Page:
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Meet Rebecca Sheikh 

Rebecca spent 17 years as a primary school teacher so she has worked with children of all temperaments and abilities. After having her daughter she decided to give it all up to promote Aware Parenting, a new approach to raising children. A way of raising children to encourage them to be understanding, empathic and loving individuals who have the foundation to be a force for good in the world. Rebecca is bringing the Aware Parenting founder Dr Aletha Solter to East London this September for a 2 day workshop. THMs members get 20% off the workshop fees!

What made you decide to give up your 17 year career as a primary school teacher?

Before I had my baby I never dreamed I would do anything other than teach primary aged children! However, having a baby profoundly changed how I viewed everything. I would have probably said it would be ok to leave them crying a little on their own, or that time-out is a good discipline tool as are rewards such as stickers, I might have even (yes I’m very sad and sorry to say!) have said, I was smacked, so a little smack would do no harm. None of this felt right when holding my precious baby. I struggled initially to find my groove as a mum, especially with all the contrary advice as to how to care for my baby. Fortunately someone lent me The Aware Baby by Dr Solter and it felt like coming home. I was so inspired by her work I read all her books and proceeded down the route of becoming an instructor.  Knowing what I do now, I don’t feel I can teach in a system that fundamentally disregards children’s natural development and emotional well- being on so many levels.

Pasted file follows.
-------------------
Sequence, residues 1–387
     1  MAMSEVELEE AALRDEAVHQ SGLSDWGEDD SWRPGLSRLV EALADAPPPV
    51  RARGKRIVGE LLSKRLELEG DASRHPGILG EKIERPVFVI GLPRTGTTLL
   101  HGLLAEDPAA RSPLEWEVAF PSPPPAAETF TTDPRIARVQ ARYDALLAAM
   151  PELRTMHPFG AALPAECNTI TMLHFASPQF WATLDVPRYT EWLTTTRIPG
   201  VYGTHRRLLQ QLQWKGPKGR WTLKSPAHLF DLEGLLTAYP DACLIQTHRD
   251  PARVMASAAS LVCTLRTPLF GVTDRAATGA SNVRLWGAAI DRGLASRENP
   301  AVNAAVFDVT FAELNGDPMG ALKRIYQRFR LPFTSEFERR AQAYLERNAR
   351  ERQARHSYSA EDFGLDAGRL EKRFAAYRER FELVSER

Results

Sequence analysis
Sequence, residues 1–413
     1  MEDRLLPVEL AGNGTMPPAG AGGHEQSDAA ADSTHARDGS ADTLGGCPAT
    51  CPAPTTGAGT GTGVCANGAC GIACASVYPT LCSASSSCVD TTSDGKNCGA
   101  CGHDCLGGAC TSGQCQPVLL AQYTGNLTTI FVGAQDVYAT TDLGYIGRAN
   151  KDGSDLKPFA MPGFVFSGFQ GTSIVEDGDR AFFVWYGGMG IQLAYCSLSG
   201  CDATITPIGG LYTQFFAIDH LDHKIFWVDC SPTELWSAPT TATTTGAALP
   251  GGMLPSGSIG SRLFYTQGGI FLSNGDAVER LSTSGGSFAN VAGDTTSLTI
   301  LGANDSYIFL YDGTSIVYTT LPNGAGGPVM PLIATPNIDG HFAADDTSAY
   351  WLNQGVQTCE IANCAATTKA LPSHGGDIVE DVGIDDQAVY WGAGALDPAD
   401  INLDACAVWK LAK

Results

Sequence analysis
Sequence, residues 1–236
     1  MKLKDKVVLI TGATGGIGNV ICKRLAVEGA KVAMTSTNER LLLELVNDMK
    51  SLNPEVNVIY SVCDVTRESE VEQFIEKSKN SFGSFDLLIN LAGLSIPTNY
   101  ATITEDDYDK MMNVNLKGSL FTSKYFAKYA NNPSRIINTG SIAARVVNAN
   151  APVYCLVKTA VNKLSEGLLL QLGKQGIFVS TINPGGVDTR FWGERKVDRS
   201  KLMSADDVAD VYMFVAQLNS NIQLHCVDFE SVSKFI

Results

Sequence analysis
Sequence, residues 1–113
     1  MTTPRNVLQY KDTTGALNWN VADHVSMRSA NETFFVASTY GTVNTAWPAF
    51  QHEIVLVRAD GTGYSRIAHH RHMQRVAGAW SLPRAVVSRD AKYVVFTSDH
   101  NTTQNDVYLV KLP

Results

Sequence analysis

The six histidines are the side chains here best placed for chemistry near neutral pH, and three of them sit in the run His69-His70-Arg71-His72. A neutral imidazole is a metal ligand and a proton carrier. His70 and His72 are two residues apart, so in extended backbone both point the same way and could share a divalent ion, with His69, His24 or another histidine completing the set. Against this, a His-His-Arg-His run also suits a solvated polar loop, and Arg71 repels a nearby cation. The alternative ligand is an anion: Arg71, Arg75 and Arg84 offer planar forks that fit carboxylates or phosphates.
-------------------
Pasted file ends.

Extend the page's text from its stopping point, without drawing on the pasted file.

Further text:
How has Aware Parenting helped your family?